OMED: Educational Services Welcomes Largest Challenge Program Cohort in 39 Years to Campus

OMED: Educational Services’ 2019 Challenge program hosted 140 incoming first-year Georgia Tech students this summer, representing the largest cohort in the program’s 39-year history.

During the five-week summer intensive academic program, participants resided in the campus’ Field and Hanson dormitories while preparing for college life by addressing the “7Cs:” computer science, chemistry, calculus, communication, career development, cultural competency, and community service.

The 2019 class was also the growing program’s most diverse: 52% female and 33% Latinx – the largest percentages of both groups to take part in the program – and 42% of all black students committed to attend Georgia Tech in the fall participated in this year’s program. Participants hailed from across the United States (including Puerto Rico), Brazil, Panama, and Nigeria. The students represented interests in 27 unique majors, with 44% intending to pursue non-engineering degrees while at Tech.

“The diversity of this year’s participants reflects the diversity that continues to flourish at Georgia Tech and highlights the continuing need for programs aimed at attracting and retaining talented minority students,” said Archie Ervin, vice president of Institute Diversity. “I am confident that OMED will continue to grow the program’s capacity resulting in the higher performance and graduation rates of our underrepresented minority students.”

“I have been a part of so many Challenge programs here at Tech that I am no longer concerned about whether our Challenge students will be successful,” added S. Gordon Moore Jr., executive director of Institute Diversity’s Center for Student Diversity and Inclusion. “Instead, I eagerly await to see just how far they exceed.”

The 2019 cohort was the first to experience the newly added resource and information component with six rotating sessions before the opening-day orientation. During the resource and information component participants obtained academic coaching tips from Georgia Tech’s Center for Academic Success, important insights from Tech’s Office of Fraternity and Sorority Life and Study Abroad, and more.

Sybrina Atwaters, 2019 Challenge program director said, “Over the past three years, strategic decisions were made to enhance the program’s quality, content, and participation in order to broaden the impact of the program to meet the needs of the evolving Georgia Tech student population. That’s no small feat for an already successful program.” She added, “The 2019 cohort is a reflection of these efforts, resulting in over $16,000 in monetary rewards for outstanding performance, over 7,500 minutes of course and development training per student, and the formation of life-long networks.”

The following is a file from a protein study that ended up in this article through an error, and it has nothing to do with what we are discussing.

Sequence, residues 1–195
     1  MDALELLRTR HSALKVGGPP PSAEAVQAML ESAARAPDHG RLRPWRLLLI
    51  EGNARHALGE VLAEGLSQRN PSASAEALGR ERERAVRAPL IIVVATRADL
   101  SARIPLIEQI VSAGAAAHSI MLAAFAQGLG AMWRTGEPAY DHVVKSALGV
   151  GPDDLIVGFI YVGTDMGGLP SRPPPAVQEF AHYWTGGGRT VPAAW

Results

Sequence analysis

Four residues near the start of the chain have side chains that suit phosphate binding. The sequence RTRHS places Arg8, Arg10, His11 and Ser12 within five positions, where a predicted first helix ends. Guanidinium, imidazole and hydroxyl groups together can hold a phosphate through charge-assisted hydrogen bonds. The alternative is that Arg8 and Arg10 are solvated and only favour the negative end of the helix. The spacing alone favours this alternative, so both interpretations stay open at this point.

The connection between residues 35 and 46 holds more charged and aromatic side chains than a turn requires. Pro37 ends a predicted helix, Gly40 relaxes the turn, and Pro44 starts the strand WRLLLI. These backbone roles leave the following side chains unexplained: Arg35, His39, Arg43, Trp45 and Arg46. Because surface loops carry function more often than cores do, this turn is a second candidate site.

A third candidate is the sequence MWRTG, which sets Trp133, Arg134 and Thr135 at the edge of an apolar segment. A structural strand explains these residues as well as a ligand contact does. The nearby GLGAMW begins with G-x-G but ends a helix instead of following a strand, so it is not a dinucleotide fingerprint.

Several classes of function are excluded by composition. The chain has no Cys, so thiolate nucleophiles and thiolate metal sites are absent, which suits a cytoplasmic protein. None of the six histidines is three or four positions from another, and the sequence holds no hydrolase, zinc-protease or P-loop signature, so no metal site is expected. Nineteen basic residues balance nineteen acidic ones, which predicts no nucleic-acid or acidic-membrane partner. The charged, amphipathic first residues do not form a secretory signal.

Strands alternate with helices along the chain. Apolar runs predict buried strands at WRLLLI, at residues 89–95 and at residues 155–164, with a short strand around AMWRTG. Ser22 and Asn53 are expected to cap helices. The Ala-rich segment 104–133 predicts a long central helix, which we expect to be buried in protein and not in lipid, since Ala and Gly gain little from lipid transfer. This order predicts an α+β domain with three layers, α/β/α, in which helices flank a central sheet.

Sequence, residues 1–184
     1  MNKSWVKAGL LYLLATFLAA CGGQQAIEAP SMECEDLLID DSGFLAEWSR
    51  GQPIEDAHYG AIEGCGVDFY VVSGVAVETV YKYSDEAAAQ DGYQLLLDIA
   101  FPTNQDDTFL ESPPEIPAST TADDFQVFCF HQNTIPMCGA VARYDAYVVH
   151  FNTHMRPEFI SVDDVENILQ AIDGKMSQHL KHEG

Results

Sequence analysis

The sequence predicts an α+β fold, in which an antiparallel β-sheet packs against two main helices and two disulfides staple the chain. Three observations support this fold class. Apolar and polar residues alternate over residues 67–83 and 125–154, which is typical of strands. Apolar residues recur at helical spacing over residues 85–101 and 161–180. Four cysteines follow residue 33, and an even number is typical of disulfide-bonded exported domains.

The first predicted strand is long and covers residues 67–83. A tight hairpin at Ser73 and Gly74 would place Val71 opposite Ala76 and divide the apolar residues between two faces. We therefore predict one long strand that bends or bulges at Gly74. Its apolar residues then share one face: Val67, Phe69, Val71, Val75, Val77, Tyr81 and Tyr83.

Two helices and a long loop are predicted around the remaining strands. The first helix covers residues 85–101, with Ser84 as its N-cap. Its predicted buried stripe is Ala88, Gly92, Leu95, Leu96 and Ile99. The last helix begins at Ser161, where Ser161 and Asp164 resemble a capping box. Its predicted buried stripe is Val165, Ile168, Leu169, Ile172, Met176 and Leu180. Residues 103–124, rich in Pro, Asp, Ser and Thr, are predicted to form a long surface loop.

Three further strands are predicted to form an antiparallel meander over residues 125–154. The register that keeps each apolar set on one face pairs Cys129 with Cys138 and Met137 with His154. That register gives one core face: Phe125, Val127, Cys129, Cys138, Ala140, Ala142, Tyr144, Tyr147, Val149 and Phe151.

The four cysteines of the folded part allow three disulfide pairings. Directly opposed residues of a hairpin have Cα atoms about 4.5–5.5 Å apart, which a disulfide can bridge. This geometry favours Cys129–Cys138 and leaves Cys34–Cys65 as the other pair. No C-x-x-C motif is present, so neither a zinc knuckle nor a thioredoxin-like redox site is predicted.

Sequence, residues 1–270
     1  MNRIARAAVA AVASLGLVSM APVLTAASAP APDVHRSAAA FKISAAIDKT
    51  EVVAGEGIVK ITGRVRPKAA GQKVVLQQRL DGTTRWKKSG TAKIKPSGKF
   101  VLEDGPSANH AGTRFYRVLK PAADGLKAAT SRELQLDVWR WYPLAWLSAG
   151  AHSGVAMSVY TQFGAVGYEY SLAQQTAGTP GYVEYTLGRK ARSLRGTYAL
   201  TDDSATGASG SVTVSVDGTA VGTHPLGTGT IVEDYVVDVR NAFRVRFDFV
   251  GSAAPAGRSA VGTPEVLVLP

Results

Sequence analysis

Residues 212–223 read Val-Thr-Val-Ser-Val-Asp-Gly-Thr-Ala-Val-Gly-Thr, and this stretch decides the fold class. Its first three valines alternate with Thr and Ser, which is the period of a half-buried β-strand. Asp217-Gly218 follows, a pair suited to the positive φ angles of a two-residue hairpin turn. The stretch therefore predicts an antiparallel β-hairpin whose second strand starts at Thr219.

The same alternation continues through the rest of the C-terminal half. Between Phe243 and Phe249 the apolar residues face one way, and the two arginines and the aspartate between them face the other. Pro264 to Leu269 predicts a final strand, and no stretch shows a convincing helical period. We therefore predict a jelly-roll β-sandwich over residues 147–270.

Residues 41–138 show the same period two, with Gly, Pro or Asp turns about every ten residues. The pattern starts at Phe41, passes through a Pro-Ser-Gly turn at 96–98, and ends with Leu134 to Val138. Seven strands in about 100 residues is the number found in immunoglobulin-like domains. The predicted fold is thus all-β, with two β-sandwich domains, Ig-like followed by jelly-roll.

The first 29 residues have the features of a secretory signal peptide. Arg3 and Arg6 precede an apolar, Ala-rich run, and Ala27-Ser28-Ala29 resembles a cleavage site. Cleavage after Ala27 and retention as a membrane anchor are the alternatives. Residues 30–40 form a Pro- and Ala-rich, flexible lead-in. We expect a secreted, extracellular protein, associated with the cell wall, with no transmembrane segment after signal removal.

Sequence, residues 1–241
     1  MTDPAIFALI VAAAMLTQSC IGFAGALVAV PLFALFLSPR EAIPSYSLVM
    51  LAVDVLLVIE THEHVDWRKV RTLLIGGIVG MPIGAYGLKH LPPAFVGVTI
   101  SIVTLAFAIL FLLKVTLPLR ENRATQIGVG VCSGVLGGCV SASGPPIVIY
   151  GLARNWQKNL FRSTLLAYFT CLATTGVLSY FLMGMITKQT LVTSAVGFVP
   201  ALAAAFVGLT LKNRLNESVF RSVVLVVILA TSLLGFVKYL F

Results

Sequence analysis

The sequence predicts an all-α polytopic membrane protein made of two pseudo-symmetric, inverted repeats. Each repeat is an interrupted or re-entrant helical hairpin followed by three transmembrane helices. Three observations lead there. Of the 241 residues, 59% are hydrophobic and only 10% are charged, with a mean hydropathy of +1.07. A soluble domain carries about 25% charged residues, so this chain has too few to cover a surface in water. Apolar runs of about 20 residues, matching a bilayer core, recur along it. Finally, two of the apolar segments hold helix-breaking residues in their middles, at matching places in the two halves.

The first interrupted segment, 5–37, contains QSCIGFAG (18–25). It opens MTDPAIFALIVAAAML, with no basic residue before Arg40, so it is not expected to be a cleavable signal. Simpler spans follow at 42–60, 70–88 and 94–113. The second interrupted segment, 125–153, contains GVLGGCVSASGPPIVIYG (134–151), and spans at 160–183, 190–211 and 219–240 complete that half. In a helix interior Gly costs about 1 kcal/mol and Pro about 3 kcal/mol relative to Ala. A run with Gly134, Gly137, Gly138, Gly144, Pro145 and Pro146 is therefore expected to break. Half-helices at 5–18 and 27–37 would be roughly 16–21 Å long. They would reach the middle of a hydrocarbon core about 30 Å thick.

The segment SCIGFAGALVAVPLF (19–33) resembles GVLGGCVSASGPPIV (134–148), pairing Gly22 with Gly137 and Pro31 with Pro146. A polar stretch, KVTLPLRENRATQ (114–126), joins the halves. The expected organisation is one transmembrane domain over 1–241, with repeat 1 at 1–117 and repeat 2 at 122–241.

“My first year at Georgia Tech went really well – definitely thanks to the Challenge program,” said Zion Martell, a rising second-year environmental engineering undergraduate student who completed the program in 2018 and returned this year to serve as one of 19 counselors to the participants. “I was headed to Georgia Tech not knowing anyone here, but the program provided a network of friends and mentors I could count on,” Martell continued. “I got a 4.0 my spring (second) semester.”

Dwanda Brew, mother to 2019 Challenge participant and academic performance award recipient Kelsey Brew, reflected on the effect the program had on her son, Julian, eight years ago. “My son took part in the Challenge program in 2011 and it really set the foundation for him here,” she said during the program’s kickoff in June. “He went on to complete his master’s degree here in 2017 and will complete his doctorate in aerospace engineering – also at Georgia Tech – in December of this year. He’s been a really big advocate for Kelsey to attend the Challenge program and I hope it does the same for her as it did for him.”

During the closing banquet on July 25, OMED recognized each participant with certificates and some were also presented with monetary awards for completing the five-week program with exceptional academic performance. Banquet sponsor BP presented more than a dozen grant awards.

Faculty, staff members, counselors, and student participants all offered words of reflection.

“The past five weeks have been some of the best -- and busiest -- of my life,” said Aniya Alston to the banquet audience. “I know that no matter how hard things may get while I’m here, my Challenge family will help me get through it. I’m incredibly thankful for each and every one of you.”

The 2019 Challenge program was supported by the following corporate sponsors: Bechtel, BP, Eaton, ExxonMobil, John Deere, Marathon Petroleum, Procter & Gamble, Southwire, and SunTrust.

To learn more about the program, visit omed.gatech.edu/programs/challenge.

Related Media

Click on image(s) to view larger version(s)

  • 2019 Challenge program students pose on Corporate Day. The 140-member cohort was the largest in the program's 39-year history.

  • Challenge students addressed the “7Cs” during the course of the summer program: computer science, chemistry, calculus, communication, career development, cultural competency, and community service.

  • The 2019 cohort volunteered at Books For Africa, the YMCA of East Atlanta, the Truly Living Well Center for Natural Urban Agriculture and other local organizations during the five-week program.

  • Sybrina Atwaters and 2019 Challenge participant Jade Wurapa at the program's closing banquet

  • S. Gordon Moore Jr. and 2019 Challenge participant Lawrence Williams at the program's closing banquet

  • Archie Ervin, BP corporate representative, Ahmed Farag, and 2019 Challenge participant Courtney Curtis

  • 2019 Challenge program closing banquet attendees

For More Information Contact

Courtney Hill
Communications Manager,
Institute Diversity
courtney.hill@gatech.edu